AS bombshells go, this was nuclear. After a mere 127 years in residence at the Richmond Athletic Association in West London, the London Scottish club chairman Malcolm Offord revealed in July that the exiles were going to up sticks and move (the club is actually 142 years old this year but spent the first 15 years of their existence in Blackheath).
As you can imagine, the announcement placed the cat in the dovecote. There are a couple of Whatsapp groups of former players that an old pal of mine follows and the invective was flying.
The ground share with Richmond was always a marriage of convenience rather than affection and to get to the nub of the matter we have to wind the clock back 24 years to the dawn of professionalism in 1996 when Tony Tiarks somehow persuaded the club members to sell the family silver for a song. The most valuable part of the club was the 50% lease on the RAA ground and we (I was a member at the time) gifted it to a snake oil salesman.
Richmond had the other 50% and when Tiarks’ short-lived, ruinous intervention was wound down in 2000 it was Richmond who found the wherewithal to buy the London Scots’ half of the RAA lease from the administrators. This purchase put Richmond in the driving seat because it meant that every penny that the London Scots spend in the bar or restaurant goes straight into their pockets. Offord claims that London Scottish is Richmond’s second largest source of money (after the RFU). He may be right.
Richmond hold all the aces. They train on the evenings that suit them. They gobble up all the monies spent on the ground and they refused point blank to consider selling the half lease back to London Scottish despite the exiles promising to place it in trust to prevent another charlatan like Tiarks from doing the three card trick for a second time.
Doing nothing is not an option
While the WhatsApp groups were dealing with emotion, and moving home is a highly emotive subject, Offord has made a tidy fortune investing in the markets and you get the impression that he feels on safer ground in the world of facts and figures. He shared a few with me last week.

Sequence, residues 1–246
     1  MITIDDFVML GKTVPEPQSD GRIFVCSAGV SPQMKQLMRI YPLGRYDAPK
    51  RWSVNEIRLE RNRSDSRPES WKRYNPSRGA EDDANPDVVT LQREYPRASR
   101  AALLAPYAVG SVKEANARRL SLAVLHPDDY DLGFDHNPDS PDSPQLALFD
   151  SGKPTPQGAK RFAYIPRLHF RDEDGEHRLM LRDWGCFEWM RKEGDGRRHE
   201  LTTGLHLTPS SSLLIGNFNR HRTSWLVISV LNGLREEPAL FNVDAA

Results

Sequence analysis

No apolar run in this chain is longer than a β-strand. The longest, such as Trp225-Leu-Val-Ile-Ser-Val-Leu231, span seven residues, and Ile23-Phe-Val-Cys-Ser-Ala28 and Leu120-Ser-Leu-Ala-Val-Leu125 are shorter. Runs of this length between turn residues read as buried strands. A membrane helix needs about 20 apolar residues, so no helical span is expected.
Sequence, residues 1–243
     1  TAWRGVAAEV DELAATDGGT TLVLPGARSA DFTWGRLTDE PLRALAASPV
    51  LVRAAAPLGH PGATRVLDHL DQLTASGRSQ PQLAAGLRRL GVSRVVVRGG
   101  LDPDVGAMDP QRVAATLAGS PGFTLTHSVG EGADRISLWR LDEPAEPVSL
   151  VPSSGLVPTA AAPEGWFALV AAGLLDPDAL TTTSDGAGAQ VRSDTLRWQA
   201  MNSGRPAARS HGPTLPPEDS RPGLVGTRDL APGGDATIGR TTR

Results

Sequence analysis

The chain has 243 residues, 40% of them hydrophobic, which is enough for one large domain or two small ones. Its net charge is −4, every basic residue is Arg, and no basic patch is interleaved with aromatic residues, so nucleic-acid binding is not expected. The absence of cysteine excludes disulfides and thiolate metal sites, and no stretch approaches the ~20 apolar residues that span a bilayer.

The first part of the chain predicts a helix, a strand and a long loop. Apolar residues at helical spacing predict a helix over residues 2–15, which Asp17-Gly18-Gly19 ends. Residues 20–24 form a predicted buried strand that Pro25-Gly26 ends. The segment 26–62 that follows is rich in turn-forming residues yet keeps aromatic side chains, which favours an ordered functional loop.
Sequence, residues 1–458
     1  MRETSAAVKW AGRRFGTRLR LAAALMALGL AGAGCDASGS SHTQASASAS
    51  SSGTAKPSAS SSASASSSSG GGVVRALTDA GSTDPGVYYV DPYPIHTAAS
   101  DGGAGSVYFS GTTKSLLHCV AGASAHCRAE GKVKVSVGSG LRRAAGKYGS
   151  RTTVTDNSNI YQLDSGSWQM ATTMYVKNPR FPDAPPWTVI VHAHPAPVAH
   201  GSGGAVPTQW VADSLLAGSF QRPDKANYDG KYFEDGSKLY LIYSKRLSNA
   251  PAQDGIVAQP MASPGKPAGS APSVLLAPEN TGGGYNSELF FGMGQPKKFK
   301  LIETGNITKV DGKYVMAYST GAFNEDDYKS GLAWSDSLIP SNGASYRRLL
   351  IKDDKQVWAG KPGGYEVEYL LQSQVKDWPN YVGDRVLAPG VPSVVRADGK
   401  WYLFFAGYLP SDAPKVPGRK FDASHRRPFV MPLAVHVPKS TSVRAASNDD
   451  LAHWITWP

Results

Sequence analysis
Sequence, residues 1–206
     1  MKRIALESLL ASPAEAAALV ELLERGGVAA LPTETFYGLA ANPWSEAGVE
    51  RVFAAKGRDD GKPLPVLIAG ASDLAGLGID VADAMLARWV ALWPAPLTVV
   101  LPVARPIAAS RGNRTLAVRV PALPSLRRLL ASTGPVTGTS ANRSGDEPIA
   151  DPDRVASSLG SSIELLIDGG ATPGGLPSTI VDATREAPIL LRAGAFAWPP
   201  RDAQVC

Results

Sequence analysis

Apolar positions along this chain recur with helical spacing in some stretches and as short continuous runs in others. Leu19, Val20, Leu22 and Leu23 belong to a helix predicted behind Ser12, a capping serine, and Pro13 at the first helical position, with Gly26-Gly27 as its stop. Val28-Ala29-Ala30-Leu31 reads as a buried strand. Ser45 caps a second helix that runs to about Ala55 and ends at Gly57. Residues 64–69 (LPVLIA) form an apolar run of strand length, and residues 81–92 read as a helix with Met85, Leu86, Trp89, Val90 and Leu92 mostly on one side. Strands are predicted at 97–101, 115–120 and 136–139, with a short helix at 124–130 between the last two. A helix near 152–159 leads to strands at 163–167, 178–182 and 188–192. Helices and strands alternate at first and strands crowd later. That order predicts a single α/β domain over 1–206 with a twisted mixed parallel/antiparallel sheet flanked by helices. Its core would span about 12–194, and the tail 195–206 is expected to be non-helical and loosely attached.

“In the 20 years since Tony Tiarks left the club, we have spent ten years working our way back to where we were before he arrived after being placed at the bottom of the English league system,” he says by video link from London.
“Then we have spent ten years in the English Championship. During that time we have spent ten million pounds. Approximately seven and a half million of that money came from 166 people who hold shares in the club (the main benefactor being former chairman Sir David Reid) while two and a half million came from the RFU.
“This year our money from Twickenham is 25% of what it was last season and the RFU have announced that they are going to halt any funding for Championship sides altogether after this season. Our shareholders have had 0% return on their investment to date and they have announced that they no longer want to stump up money year after year.
“The only successful sides are ones that own their own ground, or at least own a long lease on it and that is what we must aim to do.”
At this point Offord tacitly agrees that, with the benefit of hindsight, the £7.5 million that the shareholders have invested could have been put to better use than hiring second-rate English rugby players to play second division rugby for a ‘Scottish’ club. But that is history.
The good news is that Offord (who was recently elected unopposed as the Exiles rep on the SRU Council and almost immediately appointed a non-executive director on the Scottish Rugby Board) has identified four potential ground sites in West London that might host the peripatetic exiles after one last gallop around the RAA in the coming season, Covid willing. After that the first XV are moving 30 minutes down the A3 to Esher Rugby Club, for two seasons starting 2021-22, but the amateur club, with all the minis, midis and age grade players, hope to remain in West London.